Indian River Students Mark World AIDS DayPosted: Updated:
At Indian River High School, the students of the Warriors Fight AIDS Club want to make sure the fight against AIDS isn't forgotten.
"Whether you realize it or not, a lot more people are affected than you realize. It still is a stigmatized disease so it's still kept under wraps," said Mary Goff, vice president of Warriors Fight AIDS Club.
Together with ACR Health, the club put on a service Friday afternoon to raise awareness of HIV and AIDS and to mourn those who have lost their fight with the disease in honor of the 30th anniversary of Worlds AIDS Day.
The ceremony included pinning red ribbons on a wreath, poems about HIV and AIDS, and the history of the AIDS Memorial Quilt. Panels of the quilt, which was created in San Francisco as a memorial for people who lost their lives to HIV or AIDS and was first displayed at the national mall in Washington D.C., were displayed on the auditorium stage.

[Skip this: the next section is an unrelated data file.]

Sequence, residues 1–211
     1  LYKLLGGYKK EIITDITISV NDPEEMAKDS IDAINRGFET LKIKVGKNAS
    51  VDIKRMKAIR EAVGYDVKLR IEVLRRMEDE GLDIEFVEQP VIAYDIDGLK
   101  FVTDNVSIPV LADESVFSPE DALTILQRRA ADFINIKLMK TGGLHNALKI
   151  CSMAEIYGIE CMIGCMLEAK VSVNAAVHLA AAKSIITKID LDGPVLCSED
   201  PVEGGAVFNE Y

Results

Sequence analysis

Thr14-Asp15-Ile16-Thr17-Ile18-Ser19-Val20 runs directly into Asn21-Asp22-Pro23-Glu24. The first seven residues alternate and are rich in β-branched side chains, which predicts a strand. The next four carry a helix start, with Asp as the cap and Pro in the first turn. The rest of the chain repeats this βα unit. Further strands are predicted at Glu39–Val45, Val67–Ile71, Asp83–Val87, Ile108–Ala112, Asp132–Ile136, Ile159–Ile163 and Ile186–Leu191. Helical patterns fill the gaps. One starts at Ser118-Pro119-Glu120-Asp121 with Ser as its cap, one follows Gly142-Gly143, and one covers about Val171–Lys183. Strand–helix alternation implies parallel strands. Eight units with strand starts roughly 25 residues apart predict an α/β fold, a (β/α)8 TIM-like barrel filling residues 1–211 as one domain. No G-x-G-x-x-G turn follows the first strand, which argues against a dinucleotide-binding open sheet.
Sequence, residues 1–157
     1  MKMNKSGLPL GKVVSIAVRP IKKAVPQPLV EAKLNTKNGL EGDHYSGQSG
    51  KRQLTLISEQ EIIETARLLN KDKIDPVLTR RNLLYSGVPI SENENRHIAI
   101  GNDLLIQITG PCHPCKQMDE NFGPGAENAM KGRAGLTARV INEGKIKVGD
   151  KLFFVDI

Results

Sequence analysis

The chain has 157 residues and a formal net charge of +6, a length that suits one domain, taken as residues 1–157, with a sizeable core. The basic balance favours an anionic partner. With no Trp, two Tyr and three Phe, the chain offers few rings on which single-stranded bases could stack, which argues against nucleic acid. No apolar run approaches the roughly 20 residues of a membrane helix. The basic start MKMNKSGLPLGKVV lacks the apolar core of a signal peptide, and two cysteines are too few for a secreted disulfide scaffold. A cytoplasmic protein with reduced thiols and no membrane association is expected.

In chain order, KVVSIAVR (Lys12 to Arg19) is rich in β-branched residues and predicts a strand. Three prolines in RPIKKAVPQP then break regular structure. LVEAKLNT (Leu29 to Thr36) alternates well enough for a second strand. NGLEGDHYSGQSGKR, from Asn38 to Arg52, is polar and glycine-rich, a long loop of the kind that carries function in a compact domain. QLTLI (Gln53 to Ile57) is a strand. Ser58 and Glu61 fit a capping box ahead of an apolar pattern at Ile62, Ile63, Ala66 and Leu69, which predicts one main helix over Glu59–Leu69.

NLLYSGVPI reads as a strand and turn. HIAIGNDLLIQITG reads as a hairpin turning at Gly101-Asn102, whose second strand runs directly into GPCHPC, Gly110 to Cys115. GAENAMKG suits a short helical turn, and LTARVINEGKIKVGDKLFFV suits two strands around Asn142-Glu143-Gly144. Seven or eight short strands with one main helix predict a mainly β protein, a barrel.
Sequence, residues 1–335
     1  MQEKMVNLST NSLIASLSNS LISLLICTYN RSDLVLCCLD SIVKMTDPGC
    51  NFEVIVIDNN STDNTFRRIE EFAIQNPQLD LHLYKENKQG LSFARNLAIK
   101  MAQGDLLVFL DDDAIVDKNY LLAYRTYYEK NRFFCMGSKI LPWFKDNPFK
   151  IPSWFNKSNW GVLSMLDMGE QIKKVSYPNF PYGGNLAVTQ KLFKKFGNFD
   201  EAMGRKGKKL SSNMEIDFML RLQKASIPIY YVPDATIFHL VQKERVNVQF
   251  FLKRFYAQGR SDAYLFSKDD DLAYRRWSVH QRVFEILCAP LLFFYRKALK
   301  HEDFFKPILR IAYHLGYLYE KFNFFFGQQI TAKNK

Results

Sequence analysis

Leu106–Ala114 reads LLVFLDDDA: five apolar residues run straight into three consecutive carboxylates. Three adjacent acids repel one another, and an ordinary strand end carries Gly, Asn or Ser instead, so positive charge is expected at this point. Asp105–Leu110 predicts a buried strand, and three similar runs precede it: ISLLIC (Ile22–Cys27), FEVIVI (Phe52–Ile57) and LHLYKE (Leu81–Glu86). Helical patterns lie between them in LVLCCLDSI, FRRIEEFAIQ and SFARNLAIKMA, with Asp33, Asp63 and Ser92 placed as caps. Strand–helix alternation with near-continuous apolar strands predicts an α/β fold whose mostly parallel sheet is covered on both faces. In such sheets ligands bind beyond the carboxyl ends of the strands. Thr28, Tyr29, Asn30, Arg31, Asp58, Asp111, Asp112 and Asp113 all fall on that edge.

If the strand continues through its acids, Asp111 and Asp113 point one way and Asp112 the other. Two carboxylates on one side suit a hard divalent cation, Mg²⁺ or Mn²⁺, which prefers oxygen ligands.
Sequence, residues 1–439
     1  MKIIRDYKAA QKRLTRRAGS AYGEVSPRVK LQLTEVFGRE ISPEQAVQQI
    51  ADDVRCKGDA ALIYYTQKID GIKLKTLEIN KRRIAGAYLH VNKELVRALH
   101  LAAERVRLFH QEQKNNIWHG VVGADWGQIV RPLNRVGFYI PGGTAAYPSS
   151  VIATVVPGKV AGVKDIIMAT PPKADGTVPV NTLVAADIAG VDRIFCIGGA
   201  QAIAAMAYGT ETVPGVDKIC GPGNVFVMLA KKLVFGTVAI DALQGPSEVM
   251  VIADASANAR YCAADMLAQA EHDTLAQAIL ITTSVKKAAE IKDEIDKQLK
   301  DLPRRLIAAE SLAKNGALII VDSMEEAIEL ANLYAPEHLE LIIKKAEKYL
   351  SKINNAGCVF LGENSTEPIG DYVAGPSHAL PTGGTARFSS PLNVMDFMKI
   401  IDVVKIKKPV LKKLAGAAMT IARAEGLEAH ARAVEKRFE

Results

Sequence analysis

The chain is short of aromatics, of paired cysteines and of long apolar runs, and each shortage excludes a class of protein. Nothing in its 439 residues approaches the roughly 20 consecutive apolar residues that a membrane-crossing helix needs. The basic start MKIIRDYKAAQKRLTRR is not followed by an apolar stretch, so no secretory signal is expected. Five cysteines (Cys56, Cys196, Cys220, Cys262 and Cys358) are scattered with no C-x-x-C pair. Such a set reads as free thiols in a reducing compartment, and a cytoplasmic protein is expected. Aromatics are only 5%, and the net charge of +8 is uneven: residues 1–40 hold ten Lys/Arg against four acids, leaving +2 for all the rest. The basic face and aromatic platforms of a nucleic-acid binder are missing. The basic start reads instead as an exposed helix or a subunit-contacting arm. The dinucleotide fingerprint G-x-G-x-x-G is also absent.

"There are now over 48,000 panels; it's too large to be displayed all together anymore but this what we have right here, we have the regional quilt, so these were all from central New York," said Goff.
ACR Health estimates there are 113,000 people living in New York with HIV or AIDS. The students say they hope their event educates the community about the people who are affected.
"It does raise a lot of awareness of HIV and AIDS and it decreases the stigma centered around HIV/AIDS and it just really helps bring the community together to realize this is a problem and we have to tackle it," said McEwen Thornton, club member.
"It's very important, even at my age, even though I'm not affected, I still educate people of my community about that and I educate kids my age because currently in America right now kids my age, 16-24 are the most affected people with HIV and AIDS," said Tyler Moss, club member.
One day with a message that the students hope lasts all year.